Project Description

FeNO Use in Primary Care Management of Asthma

E O’Hanlon1, C O’Neill1, A Noone1, L Hamilton1, P Heberger1, N Pearson1, A Travers1, M O’Neill1, TE McManus2
1Omagh Health Centre, Omagh, Co. Tyrone, N. Ireland
2Department of Respiratory Medicine, South West Acute Hospital, Enniskillen, Co. Fermanagh, N. Ireland

INTRODUCTION

  • Three GP practices based in Omagh Health Centre wished to address the findings of the National Review of Asthma Deaths (NRAD) report and implement best practice to reduce the risk of serious events occurring in asthma patients.
  • The main aim of the project was to identify high risk patients and ensure all relevant healthcare professionals were engaged in the patient’s care pathway so the chance of a serious event occurring was minimised.

With the NRAD report highlighting once again the issue of asthma deaths it was imperative that the practices took measures to address the findings and recommendations made in the report. The original aims of the project included active case finding within the practices to identify those patients who had markers of poor control, in particular those who were over ordering reliever inhalers. Patients with allergic airway inflammation generally have higher than normal levels of nitric oxide (NO) in their exhaled breath. By measuring the concentration of NO in an exhaled breath (fractional exhaled nitric oxide or FeNO), clinicians can evaluate allergic airway inflammation in patients with underlying asthma.

FENO – Aid in treatment

  • Determine the likelihood of steroid responsiveness
  • Guide stepwise changes in anti-inflammatory medication (step-down dosing, step-up dosing, or discontinuation)

FENO – Assist in monitoring control and adherence

  • Establish baseline FeNO level during a period of clinical stability, which can be subsequently monitored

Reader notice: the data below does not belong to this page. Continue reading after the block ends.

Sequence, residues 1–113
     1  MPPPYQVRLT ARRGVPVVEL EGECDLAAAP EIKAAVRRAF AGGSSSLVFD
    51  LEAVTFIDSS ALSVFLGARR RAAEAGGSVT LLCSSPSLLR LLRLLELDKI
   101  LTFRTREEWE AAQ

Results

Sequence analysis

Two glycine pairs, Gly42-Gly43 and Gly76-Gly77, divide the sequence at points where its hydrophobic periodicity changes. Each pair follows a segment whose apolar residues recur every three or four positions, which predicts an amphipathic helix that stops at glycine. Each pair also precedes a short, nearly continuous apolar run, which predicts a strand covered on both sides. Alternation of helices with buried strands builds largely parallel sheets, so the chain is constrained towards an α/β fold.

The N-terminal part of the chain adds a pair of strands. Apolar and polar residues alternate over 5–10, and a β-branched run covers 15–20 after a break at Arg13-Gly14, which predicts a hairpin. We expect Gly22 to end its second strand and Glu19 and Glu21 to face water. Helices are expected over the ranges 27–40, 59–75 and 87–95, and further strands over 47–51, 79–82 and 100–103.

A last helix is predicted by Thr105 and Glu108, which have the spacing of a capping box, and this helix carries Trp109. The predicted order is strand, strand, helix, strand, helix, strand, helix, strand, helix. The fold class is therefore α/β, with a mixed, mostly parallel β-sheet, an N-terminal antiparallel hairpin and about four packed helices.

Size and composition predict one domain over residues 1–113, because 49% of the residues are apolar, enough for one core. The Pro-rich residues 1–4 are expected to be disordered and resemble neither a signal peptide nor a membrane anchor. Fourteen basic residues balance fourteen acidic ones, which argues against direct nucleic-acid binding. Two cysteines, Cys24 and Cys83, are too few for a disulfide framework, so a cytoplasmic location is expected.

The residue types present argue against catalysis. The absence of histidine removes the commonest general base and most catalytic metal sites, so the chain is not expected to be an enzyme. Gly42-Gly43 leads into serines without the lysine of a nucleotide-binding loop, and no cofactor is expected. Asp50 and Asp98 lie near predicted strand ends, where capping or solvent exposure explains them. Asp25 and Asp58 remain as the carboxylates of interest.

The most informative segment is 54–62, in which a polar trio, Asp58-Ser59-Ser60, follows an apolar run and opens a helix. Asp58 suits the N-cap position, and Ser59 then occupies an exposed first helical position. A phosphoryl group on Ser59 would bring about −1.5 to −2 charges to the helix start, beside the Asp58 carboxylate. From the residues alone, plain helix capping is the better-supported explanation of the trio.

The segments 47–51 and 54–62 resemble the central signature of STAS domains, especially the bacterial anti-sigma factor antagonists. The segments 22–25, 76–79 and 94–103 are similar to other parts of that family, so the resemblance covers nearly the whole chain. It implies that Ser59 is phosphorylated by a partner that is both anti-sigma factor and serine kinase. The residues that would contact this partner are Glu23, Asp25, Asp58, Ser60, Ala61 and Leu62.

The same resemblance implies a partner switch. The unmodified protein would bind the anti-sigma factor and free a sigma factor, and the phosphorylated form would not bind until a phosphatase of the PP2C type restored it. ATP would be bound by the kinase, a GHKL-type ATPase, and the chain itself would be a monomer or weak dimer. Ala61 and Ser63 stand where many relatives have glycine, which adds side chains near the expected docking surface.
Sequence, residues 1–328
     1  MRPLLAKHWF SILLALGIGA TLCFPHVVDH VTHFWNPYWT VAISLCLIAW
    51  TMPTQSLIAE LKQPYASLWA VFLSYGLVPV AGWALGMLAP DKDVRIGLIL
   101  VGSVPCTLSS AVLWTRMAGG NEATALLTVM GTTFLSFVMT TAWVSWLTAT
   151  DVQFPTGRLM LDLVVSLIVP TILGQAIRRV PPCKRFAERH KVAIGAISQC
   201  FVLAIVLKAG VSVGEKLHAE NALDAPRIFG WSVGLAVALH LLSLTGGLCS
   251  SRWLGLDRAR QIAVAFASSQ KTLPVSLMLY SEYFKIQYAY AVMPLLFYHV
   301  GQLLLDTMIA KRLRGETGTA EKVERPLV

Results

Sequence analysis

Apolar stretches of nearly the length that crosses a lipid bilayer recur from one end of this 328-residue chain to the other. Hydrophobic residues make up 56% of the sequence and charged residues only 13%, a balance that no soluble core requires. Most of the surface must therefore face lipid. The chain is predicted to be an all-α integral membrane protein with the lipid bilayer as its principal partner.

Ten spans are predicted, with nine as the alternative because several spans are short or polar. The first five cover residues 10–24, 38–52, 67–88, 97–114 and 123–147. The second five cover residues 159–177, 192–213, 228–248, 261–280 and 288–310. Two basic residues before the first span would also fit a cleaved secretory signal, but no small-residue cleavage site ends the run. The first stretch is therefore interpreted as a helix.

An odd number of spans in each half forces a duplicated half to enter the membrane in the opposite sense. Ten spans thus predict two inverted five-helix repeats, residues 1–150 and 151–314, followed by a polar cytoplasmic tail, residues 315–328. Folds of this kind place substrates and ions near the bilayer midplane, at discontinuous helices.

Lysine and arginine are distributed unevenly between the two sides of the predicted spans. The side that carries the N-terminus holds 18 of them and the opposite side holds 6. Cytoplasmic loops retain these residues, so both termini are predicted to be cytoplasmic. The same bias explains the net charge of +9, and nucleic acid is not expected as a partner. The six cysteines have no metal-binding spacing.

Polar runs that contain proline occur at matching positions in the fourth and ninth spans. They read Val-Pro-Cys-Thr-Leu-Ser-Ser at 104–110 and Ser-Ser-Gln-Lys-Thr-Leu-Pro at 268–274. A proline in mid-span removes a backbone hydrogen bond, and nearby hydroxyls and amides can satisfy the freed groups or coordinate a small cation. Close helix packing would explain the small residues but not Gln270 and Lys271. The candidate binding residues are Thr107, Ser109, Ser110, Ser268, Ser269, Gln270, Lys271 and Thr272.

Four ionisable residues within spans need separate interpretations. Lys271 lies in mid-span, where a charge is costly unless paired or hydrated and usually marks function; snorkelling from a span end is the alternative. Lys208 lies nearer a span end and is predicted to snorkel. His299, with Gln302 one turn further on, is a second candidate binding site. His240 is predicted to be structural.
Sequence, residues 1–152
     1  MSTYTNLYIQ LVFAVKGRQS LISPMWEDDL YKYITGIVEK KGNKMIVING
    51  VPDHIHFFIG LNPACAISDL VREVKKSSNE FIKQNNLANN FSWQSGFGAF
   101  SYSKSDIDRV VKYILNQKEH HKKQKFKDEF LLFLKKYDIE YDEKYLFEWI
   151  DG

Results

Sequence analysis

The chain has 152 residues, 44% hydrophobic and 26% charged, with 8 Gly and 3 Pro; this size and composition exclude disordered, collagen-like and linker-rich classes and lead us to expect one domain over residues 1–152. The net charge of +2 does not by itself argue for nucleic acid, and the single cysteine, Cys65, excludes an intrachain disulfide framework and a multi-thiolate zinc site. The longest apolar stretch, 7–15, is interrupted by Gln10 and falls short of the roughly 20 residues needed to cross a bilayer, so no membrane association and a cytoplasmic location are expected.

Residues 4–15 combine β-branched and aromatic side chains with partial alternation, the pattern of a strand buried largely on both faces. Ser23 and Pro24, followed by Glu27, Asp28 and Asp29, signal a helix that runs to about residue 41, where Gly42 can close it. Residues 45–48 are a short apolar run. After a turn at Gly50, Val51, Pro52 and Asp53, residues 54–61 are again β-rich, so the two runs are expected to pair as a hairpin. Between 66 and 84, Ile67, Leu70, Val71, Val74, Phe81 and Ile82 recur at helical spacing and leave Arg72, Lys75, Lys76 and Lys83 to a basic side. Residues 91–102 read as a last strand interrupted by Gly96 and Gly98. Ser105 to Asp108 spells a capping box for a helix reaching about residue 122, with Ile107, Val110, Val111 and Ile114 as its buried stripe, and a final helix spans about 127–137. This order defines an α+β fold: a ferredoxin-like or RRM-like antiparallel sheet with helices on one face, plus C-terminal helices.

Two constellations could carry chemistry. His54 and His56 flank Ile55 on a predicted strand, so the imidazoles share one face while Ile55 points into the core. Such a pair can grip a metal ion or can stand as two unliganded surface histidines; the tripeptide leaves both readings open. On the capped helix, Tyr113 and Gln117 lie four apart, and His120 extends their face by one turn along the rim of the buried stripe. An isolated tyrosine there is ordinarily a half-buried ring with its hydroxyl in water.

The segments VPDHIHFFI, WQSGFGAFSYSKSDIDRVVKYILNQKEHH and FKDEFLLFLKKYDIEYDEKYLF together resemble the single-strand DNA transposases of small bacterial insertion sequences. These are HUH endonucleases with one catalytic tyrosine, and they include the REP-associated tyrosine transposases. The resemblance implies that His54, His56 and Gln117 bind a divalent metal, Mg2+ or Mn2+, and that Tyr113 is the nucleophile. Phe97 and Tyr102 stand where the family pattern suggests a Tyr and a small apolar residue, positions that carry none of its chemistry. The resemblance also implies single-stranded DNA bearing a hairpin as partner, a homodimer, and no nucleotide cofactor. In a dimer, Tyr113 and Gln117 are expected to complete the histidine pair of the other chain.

• Help determine whether patients are adhering to prescribed inhaled corticosteroid [ICS] treatment

METHODS

The practice clinical systems were interrogated to identify the following patient cohorts:

  1. Asthma patients who had ordered 12 or more reliever inhalers in the previous 12 months
  2. Patients who were prescribed regular inhalers and who were not on the practice’s respiratory registers
  3. Patients who were prescribed separate ICS and LABA inhalers

A pilot project utilising FeNO measurement as an asthma management tool in primary care was run alongside the risk management project in the three practices. Asthma patients attending the practice nurse for annual review or as a result of being symptomatic were offered FeNO measurement.

The project commenced in June 2015 and, initially, the team focussed on high-risk patients and those receiving regular respiratory medication, but who weren’t on the practice Asthma register.

Eligible patients were those aged over 8 years who, at an index date, had their first FeNO measurement via NIOX VERO®. All eligible patients had to have at least one (baseline) and one complete (outcome) FeNO measurement.

Interventions

  • Validation of practice respiratory registers (asthma and COPD) to improve accuracy and practice governance. Ensured all patients prescribed regular respiratory medication had an accurate diagnosis recorded.
  • Invitation to asthma review with practice nurse for high risk / uncontrolled patient
  • Medications use review including compliance check – using clinical notes and face-to-face during asthma review
  • Patient education focussing in disease, symptom recognition and management of potential exacerbations
  • Inhaler technique check
  • Self management plan
  • Step down treatment
  • Step up treatment
  • Refer to secondary care

RESULTS

From 125 patients tested, 39 had an elevated FeNO and were invited for follow up measurement. When FeNO level was elevated patients were offered appropriate therapeutic intervention and patient education. Mean age of patients was 36.0 years, range 9.5 – 78.9 years. The median FeNO measurement before / after intervention and education was 72 / 45 ppb, pvalue of < 0.001 [Wilcoxon Rank Sum test].

These patient reviews led to drug cost savings due to implementation of a practice Formulary and to the development of practice Asthma management protocols. Projected prescribing cost savings were in the region of £15,000 pa.

CONCLUSIONS

With increasing numbers of referrals of patients with Respiratory illness to hospital and limited resources it is essential that Respiratory services develop new methods of patient assessment, improve links with primary care and develop knowledge of Respiratory management amongst all health care professionals.

This study demonstrates that elevated FeNO levels can be reduced significantly with appropriate intervention, including patient education. Further research is required in order to understand the components contributing to the reduction in FeNO levels (behavioural v pharmacological).

FeNO Use in Primary Care Management of Asthma